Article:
Work Life Balance

Unfilled Employment 2018

 

According to Fortune’s 100 Best Companies to Work for 2018 these 100 companies have 160,000 unfilled jobs.

As you know when the Bureau of Labor Statistics announces unemployment approaching 4 percent most economists believe the actual number currently looking for work is closer to zero. So, what happens? Bloomberg News reporters discovered that employers found ways to cope with tight labor markets and still make money. Businesses have pulled in workers from the sidelines – including retirees, immigrants, and the homeless – and retooled processes to use less labor.

I’m guessing, after a quick look around your company, there’s still some empty chairs and maybe a few folks have chucked retirement returning as contract workers but, nothing as radical as the Bloomberg folks discovered, right?

We all know what happens with chairs remain empty for too long. Missed deadlines. Sloppy customer service. Extra hours. Maybe that end of week-tired feeling creeping into Wednesday?

I’m a recruiter so my next statement will sound a bit self-serving. (I’m also someone who spent over three decades in management and filling empty chairs was a priority because empty chairs equal loss in revenue.) If you’re dealing with any of the above-mentioned malaise your management is letting you and your organization down. Get up from your chair, march into the top-dog’s office and ask/demand to know what’s being done to fill the open positions.

If using external recruiters isn’t part of the conversation mention PointClear Search. See, I told you, self-serving and in this instance you’re the “self”.

Manchee@PointClearSearch.com or Roger@PointClearSearch.com

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Working for Fun

Let’s say you’re earning over $300k. Again, in the New Year, your quota was raised so to make the same this year you need to sell $360k. Company offers competitive benefits like unlimited paid vacation (on a modest base) and open-bar Fridays. Account Services is on top of their game but are increasingly spread thin putting more pressure on keeping promises and delivering on time.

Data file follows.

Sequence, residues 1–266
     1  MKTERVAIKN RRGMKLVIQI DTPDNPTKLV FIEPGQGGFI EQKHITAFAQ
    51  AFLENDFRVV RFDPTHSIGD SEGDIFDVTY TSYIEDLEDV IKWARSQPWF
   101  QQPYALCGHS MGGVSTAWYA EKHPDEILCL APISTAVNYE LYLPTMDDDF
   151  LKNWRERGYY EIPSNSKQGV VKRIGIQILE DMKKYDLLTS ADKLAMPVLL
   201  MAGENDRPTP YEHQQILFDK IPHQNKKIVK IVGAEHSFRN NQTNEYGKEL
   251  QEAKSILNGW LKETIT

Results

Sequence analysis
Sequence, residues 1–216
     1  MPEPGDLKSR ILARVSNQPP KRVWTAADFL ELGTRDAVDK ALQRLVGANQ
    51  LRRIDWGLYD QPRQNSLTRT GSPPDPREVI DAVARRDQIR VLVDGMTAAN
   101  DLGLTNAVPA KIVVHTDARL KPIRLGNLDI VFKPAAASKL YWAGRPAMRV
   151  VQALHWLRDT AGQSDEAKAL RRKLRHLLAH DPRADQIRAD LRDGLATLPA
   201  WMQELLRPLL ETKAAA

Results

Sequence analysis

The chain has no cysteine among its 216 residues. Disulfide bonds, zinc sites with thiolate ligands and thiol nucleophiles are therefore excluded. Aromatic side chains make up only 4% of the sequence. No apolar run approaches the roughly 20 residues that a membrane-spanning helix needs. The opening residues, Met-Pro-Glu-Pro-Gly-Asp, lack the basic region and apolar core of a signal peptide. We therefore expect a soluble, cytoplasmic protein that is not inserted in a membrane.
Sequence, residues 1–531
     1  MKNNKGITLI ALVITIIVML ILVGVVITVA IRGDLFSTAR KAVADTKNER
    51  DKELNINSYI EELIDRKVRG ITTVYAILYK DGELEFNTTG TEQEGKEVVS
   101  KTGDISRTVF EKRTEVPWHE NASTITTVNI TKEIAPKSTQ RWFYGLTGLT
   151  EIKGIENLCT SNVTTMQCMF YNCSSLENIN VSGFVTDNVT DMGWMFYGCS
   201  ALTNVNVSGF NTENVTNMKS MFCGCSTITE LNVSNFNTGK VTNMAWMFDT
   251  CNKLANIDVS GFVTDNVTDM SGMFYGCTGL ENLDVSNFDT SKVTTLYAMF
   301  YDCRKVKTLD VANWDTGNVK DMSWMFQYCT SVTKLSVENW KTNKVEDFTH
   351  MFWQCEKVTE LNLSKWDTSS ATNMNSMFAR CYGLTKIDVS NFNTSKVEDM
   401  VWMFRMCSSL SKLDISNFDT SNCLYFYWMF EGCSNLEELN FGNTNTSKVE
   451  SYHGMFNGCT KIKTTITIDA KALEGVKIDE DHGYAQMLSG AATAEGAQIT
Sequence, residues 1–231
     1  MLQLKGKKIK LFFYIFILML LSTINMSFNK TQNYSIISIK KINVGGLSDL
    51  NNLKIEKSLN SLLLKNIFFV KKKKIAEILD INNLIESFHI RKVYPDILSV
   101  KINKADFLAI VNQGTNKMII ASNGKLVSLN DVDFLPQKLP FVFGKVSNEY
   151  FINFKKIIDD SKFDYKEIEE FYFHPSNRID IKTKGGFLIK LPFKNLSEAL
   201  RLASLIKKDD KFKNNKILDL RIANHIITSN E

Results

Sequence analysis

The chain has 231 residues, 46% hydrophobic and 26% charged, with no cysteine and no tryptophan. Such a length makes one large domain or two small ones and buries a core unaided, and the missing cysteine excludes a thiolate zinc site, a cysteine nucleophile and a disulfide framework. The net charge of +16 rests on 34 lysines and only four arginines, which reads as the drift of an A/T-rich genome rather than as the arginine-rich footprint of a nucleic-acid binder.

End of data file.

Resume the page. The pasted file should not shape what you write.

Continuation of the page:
So, you looked at your 2017 calendar and tax return only to discover some enlightening facts. Like, after taxes, your earnings were $160k. Over the course of this job you’ve had 3 managers and the company has had two senior level house cleanings. Across 52 work weeks you managed 12 days’ vacation and 12 holidays including Cinco de Mayo.

Here’s where the data tells the real story. You average 12.5 hours working each day not counting commuting: 236 days X 12.5 hours = 2950 hours/year roughly equal to $55 per hour after taxes. Now, go find the last plumber or electrician’s bill and take a look at their hourly fee.

Since educator’s salaries are a hot news topic did you know a secondary school administrator in Silver Springs, MD hourly mean average pay is $53.41 according the U.S. Bureau of Labor Statistics (2017)? If you’ve read this far and your head is exploding consider having that intro chat with the next recruiter who reaches out and take the conversation beyond money. You might discover there’s some exciting aspects to living with a company you’ve never considered.

A Routine of Good Habits

One of my favorite people, even though we’ve never met, is Doris Kearns Goodwin. She’s a history wiz, a brilliant writer and, in this fake news galaxy, knows how to give a fair and honest interview by sticking to the facts and alerting her audience when expressing an opinion. I read a short piece in Fast Company about how she manages her day and the good habits that contribute to her success and happiness. So I thought I share because who wouldn’t like a better day of good habits built on a simple routine?
Ms. Goodwin rises early – around 5:00 AM – just like most Navy Seals, and uses the time to write and take notes. No TV, no email, and no distractions. Around 9:00 AM she takes a simple breakfast with her husband before checking email and making for a productive day. In the evening she follows FDR’s WWII, “no talk of war cocktail hour” infused with trivia, or live music – anything to refresh and recharge. Before bed she spends a few minutes reading mysteries which help clear her mind and relax.
If she’s on a plane or train it’s, in her thinking, a wonderful, uninterrupted time to “get things done”. And she does. For her, as it was for Teddy Roosevelt, procrastination is a mortal sin. If she starts to put things off she simply thinks of Teddy. I’m adopting this!